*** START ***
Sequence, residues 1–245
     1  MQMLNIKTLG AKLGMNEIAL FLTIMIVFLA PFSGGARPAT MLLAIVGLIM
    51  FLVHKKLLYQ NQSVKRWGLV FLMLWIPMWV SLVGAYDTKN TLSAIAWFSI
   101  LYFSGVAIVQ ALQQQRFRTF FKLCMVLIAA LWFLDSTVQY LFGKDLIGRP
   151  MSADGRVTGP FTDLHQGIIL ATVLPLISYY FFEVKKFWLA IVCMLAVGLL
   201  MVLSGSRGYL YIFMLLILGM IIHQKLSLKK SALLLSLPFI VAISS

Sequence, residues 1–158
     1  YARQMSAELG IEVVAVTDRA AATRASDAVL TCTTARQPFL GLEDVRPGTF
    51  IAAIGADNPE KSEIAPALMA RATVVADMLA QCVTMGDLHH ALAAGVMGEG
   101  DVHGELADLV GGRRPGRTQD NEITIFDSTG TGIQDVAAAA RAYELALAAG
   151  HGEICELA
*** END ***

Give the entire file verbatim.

Sequence, residues 1–245
     1  MQMLNIKTLG AKLGMNEIAL FLTIMIVFLA PFSGGARPAT MLLAIVGLIM
    51  FLVHKKLLYQ NQSVKRWGLV FLMLWIPMWV SLVGAYDTKN TLSAIAWFSI
   101  LYFSGVAIVQ ALQQQRFRTF FKLCMVLIAA LWFLDSTVQY LFGKDLIGRP
   151  MSADGRVTGP FTDLHQGIIL ATVLPLISYY FFEVKKFWLA IVCMLAVGLL
   201  MVLSGSRGYL YIFMLLILGM IIHQKLSLKK SALLLSLPFI VAISS

Sequence, residues 1–158
     1  YARQMSAELG IEVVAVTDRA AATRASDAVL TCTTARQPFL GLEDVRPGTF
    51  IAAIGADNPE KSEIAPALMA RATVVADMLA QCVTMGDLHH ALAAGVMGEG
   101  DVHGELADLV GGRRPGRTQD NEITIFDSTG TGIQDVAAAA RAYELALAAG
   151  HGEICELA